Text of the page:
The president of the World Bank, American Robert Zoellick, will leave his post when his term expires on June 30 2012, he said on February 15.
The president of the World Bank, American Robert Zoellick, says he will leave his post when his five-year term expires June 30.
Zoellick announced his resignation Wednesday, saying that he was pleased that the Washington-based organization had expanded its programs during his tenure, lending $247 billion to developing countries to boost their economic growth and help overcome poverty.
He said the bank had been reformed in a way that made it "quicker, more effective and more open."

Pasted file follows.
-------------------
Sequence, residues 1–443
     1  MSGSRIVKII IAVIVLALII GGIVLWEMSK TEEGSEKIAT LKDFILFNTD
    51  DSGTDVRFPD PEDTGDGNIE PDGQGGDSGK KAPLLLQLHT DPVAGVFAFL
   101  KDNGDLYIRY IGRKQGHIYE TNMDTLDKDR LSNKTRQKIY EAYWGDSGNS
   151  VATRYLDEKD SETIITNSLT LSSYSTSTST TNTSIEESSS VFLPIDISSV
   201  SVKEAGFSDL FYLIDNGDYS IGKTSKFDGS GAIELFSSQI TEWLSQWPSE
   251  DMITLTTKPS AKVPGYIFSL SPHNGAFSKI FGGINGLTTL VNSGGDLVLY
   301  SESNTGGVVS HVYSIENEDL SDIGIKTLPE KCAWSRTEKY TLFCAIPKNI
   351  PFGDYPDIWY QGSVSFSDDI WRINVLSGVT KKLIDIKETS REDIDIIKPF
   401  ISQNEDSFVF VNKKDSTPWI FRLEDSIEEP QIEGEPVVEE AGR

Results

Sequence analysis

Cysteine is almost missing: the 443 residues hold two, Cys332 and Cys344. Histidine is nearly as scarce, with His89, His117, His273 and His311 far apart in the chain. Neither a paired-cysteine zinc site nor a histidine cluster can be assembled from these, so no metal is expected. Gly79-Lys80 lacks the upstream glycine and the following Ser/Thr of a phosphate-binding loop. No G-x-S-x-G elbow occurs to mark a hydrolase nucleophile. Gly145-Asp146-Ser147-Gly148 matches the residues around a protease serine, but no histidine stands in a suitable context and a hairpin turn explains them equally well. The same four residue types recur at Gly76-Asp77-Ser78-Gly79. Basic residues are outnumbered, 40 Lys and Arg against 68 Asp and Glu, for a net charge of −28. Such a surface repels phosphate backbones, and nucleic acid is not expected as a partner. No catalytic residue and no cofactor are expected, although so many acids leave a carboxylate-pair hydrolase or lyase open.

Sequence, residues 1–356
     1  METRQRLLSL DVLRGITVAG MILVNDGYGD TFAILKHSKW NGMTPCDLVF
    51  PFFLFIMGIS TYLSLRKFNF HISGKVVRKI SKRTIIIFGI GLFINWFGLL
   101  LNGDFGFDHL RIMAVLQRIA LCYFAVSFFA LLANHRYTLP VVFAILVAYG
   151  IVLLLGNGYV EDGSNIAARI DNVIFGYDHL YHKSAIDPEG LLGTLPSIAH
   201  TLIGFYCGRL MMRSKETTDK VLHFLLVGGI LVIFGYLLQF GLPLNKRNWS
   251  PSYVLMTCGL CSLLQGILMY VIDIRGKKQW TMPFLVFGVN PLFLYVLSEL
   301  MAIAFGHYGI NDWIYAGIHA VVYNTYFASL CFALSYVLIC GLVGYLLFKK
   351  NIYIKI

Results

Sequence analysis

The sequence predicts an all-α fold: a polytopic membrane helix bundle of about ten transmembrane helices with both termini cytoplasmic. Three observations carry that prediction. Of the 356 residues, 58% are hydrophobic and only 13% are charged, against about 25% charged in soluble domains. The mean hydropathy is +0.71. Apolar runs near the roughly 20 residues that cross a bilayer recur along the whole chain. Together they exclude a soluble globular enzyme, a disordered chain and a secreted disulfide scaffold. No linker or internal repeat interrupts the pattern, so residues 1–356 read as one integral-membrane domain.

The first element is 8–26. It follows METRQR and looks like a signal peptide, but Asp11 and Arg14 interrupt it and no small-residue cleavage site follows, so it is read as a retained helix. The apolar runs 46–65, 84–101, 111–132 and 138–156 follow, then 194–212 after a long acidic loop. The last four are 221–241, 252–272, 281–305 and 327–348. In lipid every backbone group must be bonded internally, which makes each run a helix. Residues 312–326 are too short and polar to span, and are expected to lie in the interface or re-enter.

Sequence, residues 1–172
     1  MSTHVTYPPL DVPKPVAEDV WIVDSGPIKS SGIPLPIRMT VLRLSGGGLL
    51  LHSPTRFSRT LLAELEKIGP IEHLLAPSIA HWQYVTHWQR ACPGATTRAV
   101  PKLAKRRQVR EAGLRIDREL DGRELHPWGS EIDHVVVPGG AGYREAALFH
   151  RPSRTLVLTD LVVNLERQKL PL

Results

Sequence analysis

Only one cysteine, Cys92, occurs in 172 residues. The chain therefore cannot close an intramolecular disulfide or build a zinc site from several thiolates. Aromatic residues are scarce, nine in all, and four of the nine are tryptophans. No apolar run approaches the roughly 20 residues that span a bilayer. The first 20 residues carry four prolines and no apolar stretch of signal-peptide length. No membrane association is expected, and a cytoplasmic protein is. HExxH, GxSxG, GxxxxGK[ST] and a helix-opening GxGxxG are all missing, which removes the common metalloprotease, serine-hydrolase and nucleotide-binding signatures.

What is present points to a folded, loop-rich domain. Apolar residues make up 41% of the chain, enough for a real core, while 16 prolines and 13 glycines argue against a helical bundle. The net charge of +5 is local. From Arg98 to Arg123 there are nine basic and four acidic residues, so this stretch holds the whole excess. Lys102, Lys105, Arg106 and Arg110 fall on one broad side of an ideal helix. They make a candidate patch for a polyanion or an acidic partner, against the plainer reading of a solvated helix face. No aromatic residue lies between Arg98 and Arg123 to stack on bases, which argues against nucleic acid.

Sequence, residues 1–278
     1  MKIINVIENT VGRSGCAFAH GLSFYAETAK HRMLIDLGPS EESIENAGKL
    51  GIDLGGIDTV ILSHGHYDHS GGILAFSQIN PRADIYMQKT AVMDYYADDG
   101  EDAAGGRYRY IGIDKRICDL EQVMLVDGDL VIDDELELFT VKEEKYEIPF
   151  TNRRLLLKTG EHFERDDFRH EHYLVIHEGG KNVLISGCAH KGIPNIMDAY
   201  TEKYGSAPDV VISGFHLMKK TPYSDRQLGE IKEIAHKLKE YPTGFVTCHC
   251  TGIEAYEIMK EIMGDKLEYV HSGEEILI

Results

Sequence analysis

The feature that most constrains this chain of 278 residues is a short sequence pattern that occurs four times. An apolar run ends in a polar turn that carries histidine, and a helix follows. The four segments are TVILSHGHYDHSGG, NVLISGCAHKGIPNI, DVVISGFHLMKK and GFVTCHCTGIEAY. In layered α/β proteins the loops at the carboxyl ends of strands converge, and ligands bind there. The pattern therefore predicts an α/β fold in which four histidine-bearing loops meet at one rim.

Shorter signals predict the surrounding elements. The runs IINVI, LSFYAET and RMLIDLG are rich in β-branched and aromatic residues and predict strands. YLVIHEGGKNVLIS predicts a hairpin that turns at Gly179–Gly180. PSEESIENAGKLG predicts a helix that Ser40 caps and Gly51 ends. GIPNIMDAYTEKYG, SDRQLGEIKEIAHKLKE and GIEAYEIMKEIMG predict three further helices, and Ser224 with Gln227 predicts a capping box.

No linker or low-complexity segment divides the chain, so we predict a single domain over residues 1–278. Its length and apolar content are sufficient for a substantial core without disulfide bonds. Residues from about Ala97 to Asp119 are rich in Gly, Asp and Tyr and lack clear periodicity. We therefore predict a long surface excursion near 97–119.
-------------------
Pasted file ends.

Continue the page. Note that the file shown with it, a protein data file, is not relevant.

No successor was named by the bank's board. Under an informal agreement since the bank's founding 68 years ago, its president has always been an American, while the head of the International Monetary Fund has been a European.
The IMF is currently headed by former French finance minister Christine Lagarde. The U.S. is the World Bank's largest shareholder.
Before taking over the presidency of the World Bank, the 58-year-old Zoellick had served as the U.S. Trade Representative and as Deputy Secretary of State in the administration of former U.S. president George W. Bush.